CONTACT DETAILSPhone: 604-932-5535
OPERATING HOURSMonday - Sunday: 11:00 AM - 05:00 PM

Lost Lake is a secluded lake that’s located in a dense forest extending from Whistler Village. The lake is relatively warm during the summer and there are numerous floating docks.

This lake offers a variety of recreational opportunities, including biking, swimming, snowshoeing, and many others. A hiking trail and a sandy swimming beach are also available.

Lost Lake Park
Image by Tourism Whistler via https://www.whistler.com/

Lost Lake is nearby the Farmer’s Market in Upper Village and is right beside a golf course and plenty of food options.

How to Get to Lost Lake

By car, you can take Interstate 84 East, then go up the Columbia River Gorge to Hood River. Next, drive southwest to Dee and follow the signs to Lost Lake. 

Lost Lake also has a free shuttle that runs daily from 11 a.m. to 6 p.m. on the 10’s, the ’30s, and ’50s between the Gondola Transit Exchange and Lost Lake Park.

4. Trout Lake

Trout Lake
Image by the City of Vancouver via https://vancouver.ca/
ADDRESS3360 Victoria Dr, Vancouver, BC
WEBSITE https://vancouver.ca/parks-recreation-culture/trout-lake-beach.aspx#:~:text=The%20Trout%20Lake%20Community%20Centre,604%2D257%2D6955.
CONTACT DETAILSPhone: 604-257-6955
OPERATING HOURSMonday - Friday: 09:00 AM - 10:00 PM

Saturday - Sunday: 08:00 AM - 05:00 PM

Trout Lake is a cold, narrow freshwater lake in John Hendry Park. It’s a great place to swim, jog, and have a picnic with the family because it provides unobstructed views of the mountains and trees that will make you forget about your hectic city life.

Trout Lake
Image by Flickr via https://www.flickr.com/

Trout Lake has numerous public restrooms, snack concession stands, and a charming sandy beach. During the summer, there’s also a swimming raft and several lifeguards on duty from late May to the beginning of September.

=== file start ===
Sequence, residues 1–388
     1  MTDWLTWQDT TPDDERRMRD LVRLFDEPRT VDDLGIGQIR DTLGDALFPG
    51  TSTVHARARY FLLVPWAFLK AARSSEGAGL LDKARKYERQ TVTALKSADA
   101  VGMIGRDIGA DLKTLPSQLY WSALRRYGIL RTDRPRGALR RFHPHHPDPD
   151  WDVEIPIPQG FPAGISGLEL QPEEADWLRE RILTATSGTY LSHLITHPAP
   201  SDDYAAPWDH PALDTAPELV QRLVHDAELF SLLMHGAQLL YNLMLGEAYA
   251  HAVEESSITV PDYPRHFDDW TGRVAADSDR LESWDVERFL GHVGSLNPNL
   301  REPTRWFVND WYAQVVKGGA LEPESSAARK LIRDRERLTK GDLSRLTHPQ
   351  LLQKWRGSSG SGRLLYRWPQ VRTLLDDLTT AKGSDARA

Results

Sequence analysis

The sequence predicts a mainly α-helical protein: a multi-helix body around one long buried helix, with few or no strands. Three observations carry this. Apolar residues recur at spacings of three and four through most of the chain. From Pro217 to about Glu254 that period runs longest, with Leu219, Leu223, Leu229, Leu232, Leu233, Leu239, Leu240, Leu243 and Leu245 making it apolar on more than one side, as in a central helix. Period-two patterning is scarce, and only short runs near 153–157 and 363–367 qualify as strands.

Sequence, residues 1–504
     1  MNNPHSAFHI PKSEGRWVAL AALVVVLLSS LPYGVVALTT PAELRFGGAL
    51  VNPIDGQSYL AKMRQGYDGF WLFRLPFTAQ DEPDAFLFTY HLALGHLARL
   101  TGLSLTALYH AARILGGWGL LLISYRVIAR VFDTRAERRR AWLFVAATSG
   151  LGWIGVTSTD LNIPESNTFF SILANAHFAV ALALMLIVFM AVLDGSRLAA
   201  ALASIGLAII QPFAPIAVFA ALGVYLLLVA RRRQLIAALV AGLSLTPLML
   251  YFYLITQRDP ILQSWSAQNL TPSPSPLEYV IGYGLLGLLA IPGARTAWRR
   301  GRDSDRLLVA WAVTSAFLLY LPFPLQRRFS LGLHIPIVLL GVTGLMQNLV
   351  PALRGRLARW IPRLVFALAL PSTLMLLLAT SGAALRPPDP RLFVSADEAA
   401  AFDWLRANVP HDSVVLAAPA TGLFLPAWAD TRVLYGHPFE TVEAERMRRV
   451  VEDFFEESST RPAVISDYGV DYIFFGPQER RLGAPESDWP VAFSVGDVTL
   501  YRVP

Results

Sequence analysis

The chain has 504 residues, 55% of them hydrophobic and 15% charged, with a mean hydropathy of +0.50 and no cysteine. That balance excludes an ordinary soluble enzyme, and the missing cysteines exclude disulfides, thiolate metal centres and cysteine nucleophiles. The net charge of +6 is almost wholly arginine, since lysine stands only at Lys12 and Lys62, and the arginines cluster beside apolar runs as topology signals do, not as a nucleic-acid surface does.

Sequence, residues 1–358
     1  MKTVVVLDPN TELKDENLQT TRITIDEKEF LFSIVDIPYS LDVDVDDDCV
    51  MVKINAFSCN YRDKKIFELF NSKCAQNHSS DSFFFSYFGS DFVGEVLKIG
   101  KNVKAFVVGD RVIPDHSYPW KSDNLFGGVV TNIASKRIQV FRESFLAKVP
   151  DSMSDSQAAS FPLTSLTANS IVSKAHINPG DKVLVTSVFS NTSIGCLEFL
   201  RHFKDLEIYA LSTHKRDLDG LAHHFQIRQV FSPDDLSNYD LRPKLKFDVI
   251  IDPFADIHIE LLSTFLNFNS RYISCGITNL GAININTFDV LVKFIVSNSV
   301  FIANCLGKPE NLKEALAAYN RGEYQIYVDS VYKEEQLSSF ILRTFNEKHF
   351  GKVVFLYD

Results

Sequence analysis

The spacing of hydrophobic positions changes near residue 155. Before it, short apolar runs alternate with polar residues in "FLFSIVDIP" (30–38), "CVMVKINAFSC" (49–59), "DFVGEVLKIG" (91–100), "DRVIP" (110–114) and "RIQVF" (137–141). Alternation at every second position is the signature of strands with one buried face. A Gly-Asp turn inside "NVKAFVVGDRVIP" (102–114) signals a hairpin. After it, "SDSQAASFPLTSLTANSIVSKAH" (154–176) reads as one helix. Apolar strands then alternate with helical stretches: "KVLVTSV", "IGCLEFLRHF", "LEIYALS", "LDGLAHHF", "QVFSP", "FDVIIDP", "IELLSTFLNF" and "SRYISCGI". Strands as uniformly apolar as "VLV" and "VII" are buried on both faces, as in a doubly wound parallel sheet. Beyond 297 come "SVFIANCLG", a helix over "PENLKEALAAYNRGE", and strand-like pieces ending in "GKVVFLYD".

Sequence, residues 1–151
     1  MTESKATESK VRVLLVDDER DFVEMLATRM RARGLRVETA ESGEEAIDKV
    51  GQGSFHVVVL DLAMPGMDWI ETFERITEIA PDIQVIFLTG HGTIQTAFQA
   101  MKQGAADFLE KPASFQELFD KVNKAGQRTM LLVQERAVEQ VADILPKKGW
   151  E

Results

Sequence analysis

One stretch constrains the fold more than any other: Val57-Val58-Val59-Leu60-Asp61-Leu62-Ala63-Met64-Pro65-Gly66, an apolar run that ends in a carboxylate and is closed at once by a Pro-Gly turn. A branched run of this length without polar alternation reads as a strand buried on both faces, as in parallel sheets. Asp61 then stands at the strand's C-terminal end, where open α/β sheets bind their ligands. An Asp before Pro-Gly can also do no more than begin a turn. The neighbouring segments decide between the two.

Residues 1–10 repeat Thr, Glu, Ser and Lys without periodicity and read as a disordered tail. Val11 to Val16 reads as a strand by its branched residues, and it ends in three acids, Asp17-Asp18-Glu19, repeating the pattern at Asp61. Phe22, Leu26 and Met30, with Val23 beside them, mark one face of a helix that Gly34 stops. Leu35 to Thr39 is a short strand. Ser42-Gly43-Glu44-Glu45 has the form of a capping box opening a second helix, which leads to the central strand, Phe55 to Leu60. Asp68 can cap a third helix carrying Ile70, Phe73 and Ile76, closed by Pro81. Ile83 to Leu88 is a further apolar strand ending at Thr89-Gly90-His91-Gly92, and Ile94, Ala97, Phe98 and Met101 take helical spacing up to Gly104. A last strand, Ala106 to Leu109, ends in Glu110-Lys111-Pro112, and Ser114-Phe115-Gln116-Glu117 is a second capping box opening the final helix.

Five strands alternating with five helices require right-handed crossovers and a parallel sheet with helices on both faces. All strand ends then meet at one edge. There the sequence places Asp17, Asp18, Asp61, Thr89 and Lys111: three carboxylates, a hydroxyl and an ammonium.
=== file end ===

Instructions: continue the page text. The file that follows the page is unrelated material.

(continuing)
Trout Lake
Image by CBC via https://www.cbc.ca/

It’s a great spot for sunbathing or taking a refreshing swim in the small lake. You can also rest easy as there are plenty of lifeguards on duty from late May to early September.

How to Get to Trout Lake

To get to Trout Lake, take the Skytrain on either the Expo or the Millennium Line to Commercial-Broadway Station. 

Once you exit the station, proceed one block east on E Broadway to Victoria Drive then go right. Walk south on Victoria Drive to 15th Avenue and go left along 15th.

By car, drive towards E Broadway to Victoria Drive then go right. Then, drive to 15th Avenue and go left.

5. Pitt Lake

Pitt Lake
Image by Sonja Peterson via https://www.flickr.com/
ADDRESSPitt Meadows, British Columbia V3Y 1Z1, CA
CONTACT DETAILSPhone: 800 663-5555
OPERATING HOURSMonday - Sunday: 07:00 AM - 11:00 PM

Pitt Lake is the largest lake in Metro Vancouver, surrounded by mountains and abundant natural beauty. It contains freshwater and is linked to the Pacific Ocean by the Pitt River and Fraser waterway.

Pitt Lake
Image by CBC via https://www.cbc.ca/

The best feature of the lake is its canoe rentals, as you can canoe on the lake. A floating boat can also be rented. You can also swim here, but it can be a little chilly, so go during the summer.

How to Get to Pitt Lake

To get to Pitt Lake by car, it’s best to take Highway 7 east from Vancouver to the Pitt Meadows exit. From there, just follow the signs to Pitt Lake.

How to Get to Pitt Lake
Image by Flickr via https://www.flickr.com/

By public transit, take the 342 Bus to Langley Centre, then board the line 595 bus to Maple Meadows Station, then take the travel to Pitt Lake.


Whether it’s the serene calm of a summer day on the water or the last hoorah of the season with friends and family, many people in Vancouver turn their attention to lakes in the summer.

To make sure you choose the right lake for you this summer, we’ve put together a list of some of our favorites for (mostly) swimming. 

Here are a few related articles that we believe may be helpful: